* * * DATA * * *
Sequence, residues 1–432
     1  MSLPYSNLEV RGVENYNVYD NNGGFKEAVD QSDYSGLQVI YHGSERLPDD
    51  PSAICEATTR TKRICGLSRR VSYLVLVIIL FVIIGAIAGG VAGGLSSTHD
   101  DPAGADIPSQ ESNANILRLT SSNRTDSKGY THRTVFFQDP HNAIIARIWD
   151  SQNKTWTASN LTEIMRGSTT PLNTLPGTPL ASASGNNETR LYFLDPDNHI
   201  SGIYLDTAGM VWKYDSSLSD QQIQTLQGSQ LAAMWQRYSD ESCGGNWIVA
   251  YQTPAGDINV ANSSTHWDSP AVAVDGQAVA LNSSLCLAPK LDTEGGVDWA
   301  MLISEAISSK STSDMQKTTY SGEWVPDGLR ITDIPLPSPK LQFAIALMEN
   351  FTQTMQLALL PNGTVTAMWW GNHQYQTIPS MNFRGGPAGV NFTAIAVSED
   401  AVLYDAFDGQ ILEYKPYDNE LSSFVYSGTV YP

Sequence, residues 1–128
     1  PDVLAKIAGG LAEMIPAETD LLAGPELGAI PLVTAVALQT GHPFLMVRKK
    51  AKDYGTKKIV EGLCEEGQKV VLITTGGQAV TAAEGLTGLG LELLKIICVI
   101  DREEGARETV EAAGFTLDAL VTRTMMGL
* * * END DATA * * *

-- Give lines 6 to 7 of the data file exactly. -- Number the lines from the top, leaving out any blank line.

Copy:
   201  SGIYLDTAGM VWKYDSSLSD QQIQTLQGSQ LAAMWQRYSD ESCGGNWIVA
   251  YQTPAGDINV ANSSTHWDSP AVAVDGQAVA LNSSLCLAPK LDTEGGVDWA